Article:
Wednesday, April 18, 2012

In The Joint...Part III

Onward and upward on the joint travels!  So far I have covered all my finger joints and today I will be debuting my wrist, elbow, and shoulder joints.

My wrists are probably the worst joints impacted with ra.  And for me they cause quite a few problems in regards to doing anything at all.  Between the swelling, tendon issues, and often pain, I have alot of problems doing everyday things such as lifting anything except maybe a coffee cup. Well having that limit pretty much puts me dependent on everyone and anyone who might be kind enough to vacuum, carry groceries, clean the bathtub, etc. Yup, I have to admit...I HATE my wrists and their lack of fortitude in fending off the attack of ra.

And because of their whimpiness, I am often forced to wear such horrid gear as the "wrist splint". Still no improvement out there on fashion forward sox splints (if you are wondering what in the world I am referring to....check out my blog post entitled RA Junk Art.

Traveling just a bit up the road to the next joint...technically speaking the elbow joint, we find this means that the humerus is connected to the ulna and the radius. Humerus...I wonder if that is what adults were referring to when I was a kid. I was told it was my funny bone that would hurt so much when I banged it the wrong way. I found no humor in that at all!

The Southern Orthodpedic Institute's above diagram illustrates this rather nicely. Their website is packed with different problems we autoimmuner's might expect to encounter when inflammation and elbow joints are involved.

Once again the ra monster has been nibbling away regularly on both my elbows. Right from the onset, my right elbow was completely hit with the ra. It was hit early and to this day suffers from permanent joint damage with limited range of motion. No ra medication has slowed this joint damage for me personally.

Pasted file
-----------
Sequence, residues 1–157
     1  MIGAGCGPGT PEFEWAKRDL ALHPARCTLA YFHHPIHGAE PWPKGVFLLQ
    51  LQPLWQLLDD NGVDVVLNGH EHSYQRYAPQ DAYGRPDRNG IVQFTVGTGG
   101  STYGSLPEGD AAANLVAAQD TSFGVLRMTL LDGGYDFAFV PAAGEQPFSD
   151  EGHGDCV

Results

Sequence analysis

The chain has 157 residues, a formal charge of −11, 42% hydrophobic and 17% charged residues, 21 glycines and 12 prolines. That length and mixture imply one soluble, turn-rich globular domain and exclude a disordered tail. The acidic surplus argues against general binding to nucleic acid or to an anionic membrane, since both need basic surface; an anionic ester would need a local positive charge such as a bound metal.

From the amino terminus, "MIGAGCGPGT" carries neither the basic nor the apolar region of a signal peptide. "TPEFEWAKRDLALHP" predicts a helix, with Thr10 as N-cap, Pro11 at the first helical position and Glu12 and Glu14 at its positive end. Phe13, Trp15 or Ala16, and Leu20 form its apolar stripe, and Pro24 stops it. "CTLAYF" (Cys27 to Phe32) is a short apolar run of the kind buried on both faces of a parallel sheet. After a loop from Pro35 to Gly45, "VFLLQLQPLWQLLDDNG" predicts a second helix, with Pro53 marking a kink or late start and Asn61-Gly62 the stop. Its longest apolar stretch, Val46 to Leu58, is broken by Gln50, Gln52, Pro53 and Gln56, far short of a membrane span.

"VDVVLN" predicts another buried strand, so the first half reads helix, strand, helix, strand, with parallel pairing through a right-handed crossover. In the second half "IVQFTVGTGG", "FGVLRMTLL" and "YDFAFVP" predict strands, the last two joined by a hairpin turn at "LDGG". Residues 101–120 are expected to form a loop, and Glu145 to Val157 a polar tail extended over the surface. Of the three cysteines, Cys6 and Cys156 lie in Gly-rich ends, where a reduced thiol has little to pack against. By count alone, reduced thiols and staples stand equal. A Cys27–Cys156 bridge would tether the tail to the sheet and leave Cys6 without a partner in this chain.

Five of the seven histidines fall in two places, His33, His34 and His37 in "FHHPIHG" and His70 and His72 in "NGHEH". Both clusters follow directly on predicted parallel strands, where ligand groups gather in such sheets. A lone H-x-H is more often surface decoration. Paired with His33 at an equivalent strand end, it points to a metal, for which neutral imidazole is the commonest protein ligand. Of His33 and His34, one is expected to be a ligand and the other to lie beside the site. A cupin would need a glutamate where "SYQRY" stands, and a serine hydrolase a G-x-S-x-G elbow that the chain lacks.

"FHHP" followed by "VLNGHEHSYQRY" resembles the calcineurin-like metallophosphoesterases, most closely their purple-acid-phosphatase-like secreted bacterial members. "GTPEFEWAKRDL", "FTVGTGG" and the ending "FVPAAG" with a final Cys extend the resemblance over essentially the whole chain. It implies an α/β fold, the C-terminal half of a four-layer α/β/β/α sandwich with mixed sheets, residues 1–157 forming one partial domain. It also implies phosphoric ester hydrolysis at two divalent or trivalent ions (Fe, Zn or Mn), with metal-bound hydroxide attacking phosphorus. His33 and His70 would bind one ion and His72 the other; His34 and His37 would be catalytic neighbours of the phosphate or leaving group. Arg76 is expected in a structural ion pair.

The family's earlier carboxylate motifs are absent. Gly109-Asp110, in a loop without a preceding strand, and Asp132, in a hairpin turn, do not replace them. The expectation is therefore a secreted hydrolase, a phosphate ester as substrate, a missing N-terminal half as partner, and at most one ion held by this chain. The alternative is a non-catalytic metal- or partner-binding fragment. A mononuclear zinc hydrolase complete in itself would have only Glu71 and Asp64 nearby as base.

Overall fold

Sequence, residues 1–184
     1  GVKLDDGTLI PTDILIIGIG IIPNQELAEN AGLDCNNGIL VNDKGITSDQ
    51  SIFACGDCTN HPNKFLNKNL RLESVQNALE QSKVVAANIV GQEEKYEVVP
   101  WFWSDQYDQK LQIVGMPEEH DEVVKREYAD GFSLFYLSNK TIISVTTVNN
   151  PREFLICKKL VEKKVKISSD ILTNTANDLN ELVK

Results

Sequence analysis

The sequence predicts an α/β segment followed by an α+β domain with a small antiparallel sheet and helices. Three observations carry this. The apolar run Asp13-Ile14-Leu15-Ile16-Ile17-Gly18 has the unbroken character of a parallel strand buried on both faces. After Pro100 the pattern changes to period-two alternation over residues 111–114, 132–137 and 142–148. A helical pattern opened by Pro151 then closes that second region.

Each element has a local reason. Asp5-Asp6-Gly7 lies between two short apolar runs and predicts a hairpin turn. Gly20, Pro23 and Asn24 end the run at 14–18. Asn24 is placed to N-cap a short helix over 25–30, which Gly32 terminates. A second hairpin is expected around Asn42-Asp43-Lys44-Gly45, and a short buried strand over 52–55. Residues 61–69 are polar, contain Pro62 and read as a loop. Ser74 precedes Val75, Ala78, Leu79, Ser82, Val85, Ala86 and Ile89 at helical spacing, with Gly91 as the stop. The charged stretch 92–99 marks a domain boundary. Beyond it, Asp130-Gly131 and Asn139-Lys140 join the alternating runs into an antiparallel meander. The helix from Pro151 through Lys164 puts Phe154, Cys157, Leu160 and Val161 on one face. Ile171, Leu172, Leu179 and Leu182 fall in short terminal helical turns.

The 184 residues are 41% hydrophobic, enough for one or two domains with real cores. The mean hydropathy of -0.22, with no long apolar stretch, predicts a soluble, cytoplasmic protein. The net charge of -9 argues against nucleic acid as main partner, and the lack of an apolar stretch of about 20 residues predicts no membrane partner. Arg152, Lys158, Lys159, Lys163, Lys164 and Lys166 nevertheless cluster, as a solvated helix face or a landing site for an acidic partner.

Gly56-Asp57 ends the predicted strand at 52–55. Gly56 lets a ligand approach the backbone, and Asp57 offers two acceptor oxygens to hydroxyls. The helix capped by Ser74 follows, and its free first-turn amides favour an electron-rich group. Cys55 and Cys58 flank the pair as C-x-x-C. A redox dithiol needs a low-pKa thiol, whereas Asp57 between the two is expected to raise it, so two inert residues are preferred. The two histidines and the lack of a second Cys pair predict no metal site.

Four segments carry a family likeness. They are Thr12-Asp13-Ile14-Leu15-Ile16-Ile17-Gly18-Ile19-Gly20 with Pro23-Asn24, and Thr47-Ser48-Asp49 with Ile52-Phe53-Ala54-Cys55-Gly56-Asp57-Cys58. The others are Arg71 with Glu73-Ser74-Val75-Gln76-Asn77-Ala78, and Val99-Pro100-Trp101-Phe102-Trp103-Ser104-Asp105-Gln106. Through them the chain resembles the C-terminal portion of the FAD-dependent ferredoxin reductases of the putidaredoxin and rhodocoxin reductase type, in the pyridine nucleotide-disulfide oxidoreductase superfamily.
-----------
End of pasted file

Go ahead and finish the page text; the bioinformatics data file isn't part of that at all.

I remember when I first went into an elbow orthopedic doctor for a cortisone injection into my right elbow. At that time it was giving me such a sharp pain that I would almost drop to my knees.  After xrays, he explained that the ligament was getting hung up on a jagged joint and that was causing the intense pain when I tried to move it a certain way. He gave me the injection (which by the way helped immensely) and offered me several surgeries to try and not only correct that problem but my elbow extension problem as well.  He did also say that the surgery would not stop further joint deterioration. I opted not to do the surgeries at that time as I was dealing with throat problems which took precedent in my book.

In regards to my shoulder joints, I have not had them xrayed...ever.  But I have noticed I am lopsided lately and their appears to be inflammation in particular on my left side. I am wondering, in my case, which came first, the chicken or the egg.  Or rather, the tendon or the shoulder problem. I am guessing here, but I strongly suspect I have alot of tendon and possibly muscle damage going on and believe it is my tendons that might be causing the lopsided tilt.  During our picture taking, my daughter kept asking me to lower my right shoulder as she said it was sticking up. Ummmmm...well...that isn't possible, that is just my stance with ra.


For all of these joints, the only help I have found to date has been the wrist splint or cortisone injections. However, it is my understanding that these types of injections should be limited to three over your life time per joint.  Based on that information from my old orthopedic doctor, I have been holding off on these injections for as long as possible. If I do the math, that gives me one injection about every ten years per joint based on hitting the 85 year mark or there abouts.  Geezzz...talk about endurance!